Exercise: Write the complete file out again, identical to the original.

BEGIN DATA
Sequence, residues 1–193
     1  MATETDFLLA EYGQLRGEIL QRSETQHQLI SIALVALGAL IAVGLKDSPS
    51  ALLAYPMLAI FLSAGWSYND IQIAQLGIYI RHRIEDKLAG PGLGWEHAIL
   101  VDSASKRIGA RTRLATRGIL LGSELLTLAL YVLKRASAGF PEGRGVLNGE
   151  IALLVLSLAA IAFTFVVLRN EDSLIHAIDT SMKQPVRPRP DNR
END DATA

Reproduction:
Sequence, residues 1–193
     1  MATETDFLLA EYGQLRGEIL QRSETQHQLI SIALVALGAL IAVGLKDSPS
    51  ALLAYPMLAI FLSAGWSYND IQIAQLGIYI RHRIEDKLAG PGLGWEHAIL
   101  VDSASKRIGA RTRLATRGIL LGSELLTLAL YVLKRASAGF PEGRGVLNGE
   151  IALLVLSLAA IAFTFVVLRN EDSLIHAIDT SMKQPVRPRP DNR